The Nuclear Bot banking trojan reportedly injects code in Chrome and Firefox, includes a rootkit for 32-bit and 64-bit machines, and bypasses User Account Control and Windows Firewall executions.
The Nuclear Bot banking trojan reportedly injects code in Chrome and Firefox, includes a rootkit for 32-bit and 64-bit machines, and bypasses User Account Control and Windows Firewall executions.

The author of a powerful banking trojan has leaked his own source code in order to get back into the good graces of the greater cybercrime community, which shunned him for breaches of rules and etiquette on cybercrime forums, IBM's X-Force threat research team has reported.

The botnet, known as Nuclear Bot or NukeBot, is modular trojan featuring a web-based admin panel for control of infected endpoints. A recent analysis from Sixgill found that the malware injects code in Chrome and Firefox, includes a rootkit for 32-bit and 64-bit machines, and bypasses User Account Control and Windows Firewall executions.

First spotted for sale on cybercrime forums last December, NukeBot has not yet been detected in real-world attacks, but the wide release of its code will likely result in cybercriminals using the malware in attacks and embedding it in other malicious programs, IBM warned in a Tuesday blog post.

According to the report, earlier this year Goysa and his product were banned from a number of cybercrime forums after violating various codes of conduct. Among Goysa's reported infractions: He failed to have the malware tested and certified by forum admins,did not provide test versions to members, and provided unconvincing answers to technical questions. Forum members became convinced that he was a scammer after he tried to sell his product on more than one forum and then later tried to reintroduce his malware under a new name, Micro Banking Trojan, in hopes that it would be better received.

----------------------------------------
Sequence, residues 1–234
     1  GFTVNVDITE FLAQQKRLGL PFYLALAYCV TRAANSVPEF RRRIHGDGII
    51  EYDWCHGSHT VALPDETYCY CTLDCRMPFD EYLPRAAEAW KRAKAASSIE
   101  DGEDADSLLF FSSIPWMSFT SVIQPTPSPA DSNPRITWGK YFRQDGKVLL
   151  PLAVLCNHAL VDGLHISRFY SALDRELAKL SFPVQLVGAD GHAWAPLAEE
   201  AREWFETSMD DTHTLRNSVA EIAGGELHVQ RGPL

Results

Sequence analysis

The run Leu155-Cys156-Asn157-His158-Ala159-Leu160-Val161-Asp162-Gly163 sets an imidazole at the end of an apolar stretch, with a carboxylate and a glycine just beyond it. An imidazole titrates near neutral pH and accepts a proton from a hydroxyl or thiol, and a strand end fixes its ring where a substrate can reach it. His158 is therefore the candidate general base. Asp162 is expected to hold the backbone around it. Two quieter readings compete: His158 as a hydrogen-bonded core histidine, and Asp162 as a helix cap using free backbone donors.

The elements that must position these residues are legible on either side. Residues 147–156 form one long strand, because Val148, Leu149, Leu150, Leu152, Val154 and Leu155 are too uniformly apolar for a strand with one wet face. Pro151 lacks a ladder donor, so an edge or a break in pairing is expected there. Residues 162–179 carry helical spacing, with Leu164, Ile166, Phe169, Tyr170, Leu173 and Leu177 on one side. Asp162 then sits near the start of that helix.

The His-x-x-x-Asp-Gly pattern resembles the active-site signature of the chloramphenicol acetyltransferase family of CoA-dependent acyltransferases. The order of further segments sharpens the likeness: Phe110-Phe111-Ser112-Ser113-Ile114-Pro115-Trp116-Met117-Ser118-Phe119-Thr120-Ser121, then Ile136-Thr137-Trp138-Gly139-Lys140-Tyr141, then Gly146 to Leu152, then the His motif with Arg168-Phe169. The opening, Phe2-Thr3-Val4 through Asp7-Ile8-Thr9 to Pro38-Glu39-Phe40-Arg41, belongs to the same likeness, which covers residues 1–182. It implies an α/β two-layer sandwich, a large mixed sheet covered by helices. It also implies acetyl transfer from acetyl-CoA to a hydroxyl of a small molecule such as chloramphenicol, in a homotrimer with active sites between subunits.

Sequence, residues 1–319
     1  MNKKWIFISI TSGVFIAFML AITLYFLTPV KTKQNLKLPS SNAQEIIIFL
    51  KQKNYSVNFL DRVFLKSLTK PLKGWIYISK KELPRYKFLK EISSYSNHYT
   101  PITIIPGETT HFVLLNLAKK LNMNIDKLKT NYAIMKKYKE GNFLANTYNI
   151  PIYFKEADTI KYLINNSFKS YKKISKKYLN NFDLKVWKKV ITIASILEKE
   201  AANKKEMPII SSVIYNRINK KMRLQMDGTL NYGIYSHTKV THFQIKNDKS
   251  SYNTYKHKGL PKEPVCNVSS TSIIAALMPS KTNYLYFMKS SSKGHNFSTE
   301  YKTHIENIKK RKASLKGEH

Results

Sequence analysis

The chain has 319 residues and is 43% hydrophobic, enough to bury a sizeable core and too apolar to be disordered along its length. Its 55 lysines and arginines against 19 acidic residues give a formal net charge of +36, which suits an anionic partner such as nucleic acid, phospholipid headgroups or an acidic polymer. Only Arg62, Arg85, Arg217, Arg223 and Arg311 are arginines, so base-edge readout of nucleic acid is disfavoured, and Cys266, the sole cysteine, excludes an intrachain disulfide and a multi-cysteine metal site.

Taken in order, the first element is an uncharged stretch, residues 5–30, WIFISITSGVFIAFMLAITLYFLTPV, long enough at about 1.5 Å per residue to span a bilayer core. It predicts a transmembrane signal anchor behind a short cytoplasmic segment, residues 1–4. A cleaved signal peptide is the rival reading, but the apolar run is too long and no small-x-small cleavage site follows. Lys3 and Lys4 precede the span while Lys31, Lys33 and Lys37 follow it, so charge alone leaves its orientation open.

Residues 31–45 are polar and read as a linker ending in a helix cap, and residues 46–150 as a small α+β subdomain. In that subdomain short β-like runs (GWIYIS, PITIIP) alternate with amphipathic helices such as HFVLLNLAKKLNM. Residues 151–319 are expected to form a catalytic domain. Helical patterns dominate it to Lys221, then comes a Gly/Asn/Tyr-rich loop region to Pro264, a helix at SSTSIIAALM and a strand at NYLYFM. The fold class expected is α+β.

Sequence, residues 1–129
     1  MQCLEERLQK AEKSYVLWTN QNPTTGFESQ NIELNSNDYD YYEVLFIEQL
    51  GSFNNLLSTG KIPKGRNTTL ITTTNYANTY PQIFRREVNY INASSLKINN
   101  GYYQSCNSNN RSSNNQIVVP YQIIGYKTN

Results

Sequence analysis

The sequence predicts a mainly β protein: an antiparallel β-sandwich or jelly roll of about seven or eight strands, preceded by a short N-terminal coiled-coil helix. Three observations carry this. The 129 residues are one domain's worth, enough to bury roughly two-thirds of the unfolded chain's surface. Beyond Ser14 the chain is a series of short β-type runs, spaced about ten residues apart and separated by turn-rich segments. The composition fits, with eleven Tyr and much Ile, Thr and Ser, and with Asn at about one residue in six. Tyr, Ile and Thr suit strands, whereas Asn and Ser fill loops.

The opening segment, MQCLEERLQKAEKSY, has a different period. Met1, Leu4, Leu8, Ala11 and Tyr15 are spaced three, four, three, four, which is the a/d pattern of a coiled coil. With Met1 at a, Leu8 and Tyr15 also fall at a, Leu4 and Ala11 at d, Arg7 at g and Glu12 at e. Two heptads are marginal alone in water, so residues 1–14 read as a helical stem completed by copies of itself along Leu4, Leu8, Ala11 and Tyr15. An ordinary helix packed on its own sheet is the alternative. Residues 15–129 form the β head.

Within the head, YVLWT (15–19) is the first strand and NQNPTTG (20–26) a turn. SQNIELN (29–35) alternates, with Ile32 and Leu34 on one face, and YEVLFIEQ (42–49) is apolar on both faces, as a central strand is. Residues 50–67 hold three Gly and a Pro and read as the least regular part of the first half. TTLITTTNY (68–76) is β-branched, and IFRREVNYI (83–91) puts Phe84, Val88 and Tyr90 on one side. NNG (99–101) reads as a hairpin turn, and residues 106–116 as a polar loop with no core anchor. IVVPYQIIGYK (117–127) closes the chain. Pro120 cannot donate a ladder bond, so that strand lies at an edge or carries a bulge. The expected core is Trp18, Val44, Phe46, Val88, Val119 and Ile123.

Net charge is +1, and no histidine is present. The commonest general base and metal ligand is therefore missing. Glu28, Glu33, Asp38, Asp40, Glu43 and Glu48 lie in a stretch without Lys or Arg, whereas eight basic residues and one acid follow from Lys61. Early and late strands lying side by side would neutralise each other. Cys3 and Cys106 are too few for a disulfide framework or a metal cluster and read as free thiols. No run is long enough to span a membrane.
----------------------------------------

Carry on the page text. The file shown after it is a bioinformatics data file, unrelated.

However, despite Goysa's dubious missteps, the malware was no hoax, reported IBM, who researchers discovered in mid-March that NukeBot's code was made freely available via a web-based source code management platform.

"This move appears to have been the action of the developer, not an intentional leak by another party," the blog post stated. "What could this mean? An educated guess would be that Gosya was disappointed with the distrust he faced in the underground and decided to release the main module of the malware for others to test and attest to."